The Military Connection to Comics
Celebrating National Comic Book Day
September 26, 2016 by Jake Butler
The earliest known comic book, The Adventures of Obadiah Oldbuck, was originally created in Switzerland in the 1830s. After making the rounds in Europe over the course of a few years, it became the first comic book published in America on September 14, 1842. Unbeknownst to consumers at the time, it would launch a remarkable new form of storytelling that would leave a lasting impact on pop culture for centuries to come.
Despite the funny name, comic books have tackled some very serious and impactful topics over years – including politics, war and the military. To celebrate National Comic Book Day, we’ve compiled some interesting tidbits and trivia that demonstrate the industry’s connection to the military.
SETTING THE SCENE
Comic books rose to popularity in the 1930s and 40s, so it’s no coincidence that many of the characters and storylines closely mirrored what was happening in the country at the time. Comic book heroes embody true virtue and live to fight evil on behalf of the average, innocent citizen. Sometimes that evil is embodied in supernatural, all-powerful or other-worldly beings; other times the enemy is more real than that.
Captain America Comics No. 1 (March 1941). Source.
Often times in comics from this era, the real-world enemies were German Nazis, both real and fictional. Some comics, like on the cover of the Captain America No. 1, and Superman No. 17 and 23, depict real-life Nazis and even Adolph Hitler himself. Others, like Amalgam Comics, took a slightly different approach. Their character Ultra-Metallo was a heavily-armored, giant robot who also happened to be a Nazi, complete with a big swastika on its chest.
THE RED BEE
Although his popularity never really took off, Quality Comics created a character in the 1940s named the Red Bee. Although he had no real superpower to speak of, he used trained bees and a stinger gun to fight Nazis and gangsters. His favorite, most powerful bee was named Michael and lived inside his belt buckle, ready to fight on a moment’s notice.
SUPERMAN GETS REAL
In the 1940s DC universe, the Nazi High Command hated Superman. They were natural enemies. In 1940, Jerry Siegel and Joe Shuster wrote a story called “How Would Superman End the War?” for Look magazine. Superman, of course, disabled the Nazi regime and arrested both Hitler and Joseph Stalin, turning them in to the League of Nations. According to historians, the Nazis even acknowledged the story and wrote a rebuttal in the Das Schwarze Korps, their official newspaper.
THE PEOPLE’S PLAYWRIGHT
Stan Lee, the legendary man behind Marvel Comics, served in the Signal Corps for the Army starting in 1942. His original duties included repairing telegraph poles and other communication equipment. He would later be transferred to the Training Film Division, where he wrote manuals and came up with slogans for training materials. He was one of only nine men in the service at the time with the classification of “Playwright.”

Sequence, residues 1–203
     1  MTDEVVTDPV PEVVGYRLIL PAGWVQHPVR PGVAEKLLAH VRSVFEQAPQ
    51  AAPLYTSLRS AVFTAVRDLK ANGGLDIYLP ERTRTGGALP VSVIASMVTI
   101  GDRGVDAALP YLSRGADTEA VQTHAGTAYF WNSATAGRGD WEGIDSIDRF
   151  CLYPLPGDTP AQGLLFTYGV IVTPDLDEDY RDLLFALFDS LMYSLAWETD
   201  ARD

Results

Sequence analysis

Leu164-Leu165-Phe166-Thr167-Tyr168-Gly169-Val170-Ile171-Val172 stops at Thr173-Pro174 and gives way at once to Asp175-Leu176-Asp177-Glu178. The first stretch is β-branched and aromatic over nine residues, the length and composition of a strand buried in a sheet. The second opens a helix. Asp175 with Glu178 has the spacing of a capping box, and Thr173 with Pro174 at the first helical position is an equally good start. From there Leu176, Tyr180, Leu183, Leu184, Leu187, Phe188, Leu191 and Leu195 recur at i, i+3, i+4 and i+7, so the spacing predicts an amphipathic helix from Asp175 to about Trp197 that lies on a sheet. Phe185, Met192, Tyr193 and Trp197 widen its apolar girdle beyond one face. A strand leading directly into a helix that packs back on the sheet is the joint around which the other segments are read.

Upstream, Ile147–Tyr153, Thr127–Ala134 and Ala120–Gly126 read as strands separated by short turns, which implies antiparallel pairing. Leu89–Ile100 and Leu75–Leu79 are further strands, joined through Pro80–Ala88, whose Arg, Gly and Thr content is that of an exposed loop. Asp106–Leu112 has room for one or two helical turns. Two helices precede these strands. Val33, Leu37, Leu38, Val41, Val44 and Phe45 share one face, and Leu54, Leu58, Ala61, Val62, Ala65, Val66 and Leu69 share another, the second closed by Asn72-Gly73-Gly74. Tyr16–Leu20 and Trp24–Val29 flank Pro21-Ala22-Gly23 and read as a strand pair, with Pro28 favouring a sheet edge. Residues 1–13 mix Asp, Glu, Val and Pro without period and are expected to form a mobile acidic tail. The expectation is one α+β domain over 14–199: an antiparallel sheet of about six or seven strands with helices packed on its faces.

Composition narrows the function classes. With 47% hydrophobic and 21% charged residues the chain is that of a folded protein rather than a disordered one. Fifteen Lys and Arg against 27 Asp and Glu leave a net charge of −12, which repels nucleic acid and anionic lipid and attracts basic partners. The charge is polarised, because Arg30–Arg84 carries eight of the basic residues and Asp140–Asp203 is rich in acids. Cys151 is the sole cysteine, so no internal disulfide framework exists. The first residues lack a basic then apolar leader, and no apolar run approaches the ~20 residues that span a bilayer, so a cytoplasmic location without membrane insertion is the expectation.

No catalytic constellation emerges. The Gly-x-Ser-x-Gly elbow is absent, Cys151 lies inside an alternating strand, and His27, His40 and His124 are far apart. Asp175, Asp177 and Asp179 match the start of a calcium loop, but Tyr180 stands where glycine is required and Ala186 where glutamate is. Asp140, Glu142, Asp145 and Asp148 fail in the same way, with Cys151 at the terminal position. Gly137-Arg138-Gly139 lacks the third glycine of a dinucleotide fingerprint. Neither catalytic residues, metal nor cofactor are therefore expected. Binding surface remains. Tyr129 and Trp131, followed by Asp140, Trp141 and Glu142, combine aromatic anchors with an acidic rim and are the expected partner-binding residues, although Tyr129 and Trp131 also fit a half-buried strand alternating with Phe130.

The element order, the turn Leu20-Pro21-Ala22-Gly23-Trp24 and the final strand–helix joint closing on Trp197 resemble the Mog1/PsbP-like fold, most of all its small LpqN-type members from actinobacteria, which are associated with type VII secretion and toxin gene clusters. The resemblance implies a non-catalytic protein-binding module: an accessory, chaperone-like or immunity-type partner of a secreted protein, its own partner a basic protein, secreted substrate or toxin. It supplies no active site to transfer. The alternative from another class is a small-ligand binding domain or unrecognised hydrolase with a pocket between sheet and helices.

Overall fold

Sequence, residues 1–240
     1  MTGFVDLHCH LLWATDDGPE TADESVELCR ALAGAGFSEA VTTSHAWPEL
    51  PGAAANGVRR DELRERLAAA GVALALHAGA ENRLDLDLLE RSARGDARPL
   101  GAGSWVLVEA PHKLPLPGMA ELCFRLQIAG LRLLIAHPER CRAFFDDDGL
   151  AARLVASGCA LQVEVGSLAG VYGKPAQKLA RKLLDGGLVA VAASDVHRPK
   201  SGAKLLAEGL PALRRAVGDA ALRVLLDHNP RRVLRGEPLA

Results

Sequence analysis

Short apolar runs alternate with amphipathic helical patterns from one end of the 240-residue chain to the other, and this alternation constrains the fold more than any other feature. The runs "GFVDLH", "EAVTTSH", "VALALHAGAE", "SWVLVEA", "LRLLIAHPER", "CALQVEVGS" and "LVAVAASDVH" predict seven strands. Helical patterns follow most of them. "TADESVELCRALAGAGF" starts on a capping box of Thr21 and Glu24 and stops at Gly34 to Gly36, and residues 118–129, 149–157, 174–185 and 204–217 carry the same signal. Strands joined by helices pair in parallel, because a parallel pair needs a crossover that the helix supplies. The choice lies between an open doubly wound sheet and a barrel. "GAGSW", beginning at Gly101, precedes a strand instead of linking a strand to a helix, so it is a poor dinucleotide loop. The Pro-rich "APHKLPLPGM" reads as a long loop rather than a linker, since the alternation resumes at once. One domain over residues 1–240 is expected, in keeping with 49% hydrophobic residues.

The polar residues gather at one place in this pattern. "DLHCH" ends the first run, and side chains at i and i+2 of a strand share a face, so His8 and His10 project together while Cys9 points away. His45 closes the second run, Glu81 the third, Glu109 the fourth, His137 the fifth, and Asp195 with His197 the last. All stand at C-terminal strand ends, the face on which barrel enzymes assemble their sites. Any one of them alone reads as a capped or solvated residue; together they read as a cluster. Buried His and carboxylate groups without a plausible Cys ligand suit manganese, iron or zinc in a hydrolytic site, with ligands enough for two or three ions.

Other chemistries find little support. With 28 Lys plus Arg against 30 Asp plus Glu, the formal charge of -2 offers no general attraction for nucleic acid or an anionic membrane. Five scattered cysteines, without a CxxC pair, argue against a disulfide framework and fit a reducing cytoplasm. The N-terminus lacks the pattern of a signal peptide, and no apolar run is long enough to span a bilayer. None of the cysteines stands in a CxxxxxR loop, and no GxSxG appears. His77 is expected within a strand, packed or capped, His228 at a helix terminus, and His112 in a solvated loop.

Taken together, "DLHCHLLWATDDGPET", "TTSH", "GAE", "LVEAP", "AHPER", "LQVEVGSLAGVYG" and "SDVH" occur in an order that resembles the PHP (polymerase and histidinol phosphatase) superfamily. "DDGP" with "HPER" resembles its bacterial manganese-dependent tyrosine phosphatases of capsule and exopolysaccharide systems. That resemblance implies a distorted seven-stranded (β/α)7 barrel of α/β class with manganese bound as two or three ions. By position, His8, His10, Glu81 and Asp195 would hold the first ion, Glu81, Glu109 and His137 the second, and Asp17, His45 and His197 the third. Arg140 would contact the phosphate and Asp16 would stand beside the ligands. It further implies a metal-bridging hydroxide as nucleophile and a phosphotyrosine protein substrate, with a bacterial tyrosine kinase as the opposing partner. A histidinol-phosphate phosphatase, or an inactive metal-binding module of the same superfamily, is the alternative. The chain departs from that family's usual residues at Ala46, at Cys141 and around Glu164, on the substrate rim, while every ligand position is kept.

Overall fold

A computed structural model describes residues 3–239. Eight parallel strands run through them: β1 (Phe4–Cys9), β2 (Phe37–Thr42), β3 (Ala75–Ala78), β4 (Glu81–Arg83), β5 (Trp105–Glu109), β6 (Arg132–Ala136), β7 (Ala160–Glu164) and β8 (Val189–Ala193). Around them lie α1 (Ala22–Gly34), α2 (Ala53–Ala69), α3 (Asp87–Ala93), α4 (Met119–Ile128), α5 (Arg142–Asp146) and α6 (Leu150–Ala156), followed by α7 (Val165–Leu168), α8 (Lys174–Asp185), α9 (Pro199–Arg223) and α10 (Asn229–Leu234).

CLARK KENT’S FAILED PHYSICAL
Superman’s alter ego, Clark Kent, came very close to serving in World War II. However, a failed physical put a halt to his career in the military before it could get started. Thanks to his x-ray vision, he inadvertently failed his eye test by reading the chart in the next room.
GREEN LANTERN’S NEW BACKSTORY
In the original story, John Stewart was an architect before he discovered the Green Lantern Ring and assumed the role of a superhero. But that backstory didn’t have enough pizzazz for DC. They reimagined him as a Marine veteran the second time around, and that version of his story proved popular enough to be merged into existing canon. His experience as a USMC sniper would prove valuable and he was even depicted battling alongside Army soldiers like Sgt. Rock in WWII when he didn’t have access to his ring.
THE OTHER GREEN LANTERN
If you’re familiar with the different iterations over the years, you know that John Stewart wasn’t the only Green Lantern with a military background. Hal Jordan’s story didn’t need to be updated – he was always a former Air Force pilot. His experience in the Korean War heavily influenced his attitude towards his role as Earth’s sworn protector.
FURY OF THE SHIELD
Sgt. Fury and His Howling Commandos No. 1 (May 1963). Source.
Most comic fans know Col. Nick Fury as the leader of S.H.I.E.L.D., the espionage, law enforcement and counter-terrorism agency of the Marvel universe. But you might not know he was a sergeant of the Howling Commandos during World War II. His son Marcus, also known as Nick Fury Jr., was a U.S. Army Ranger.
GET YOUR FREE COMICS
If these tidbits have sparked your interest in comics, Marvel is celebrating National Comic Book Day by giving away four free digital comics. Head to Marvel.com/redeem and enter the code COMICDAY to claim your digital copies!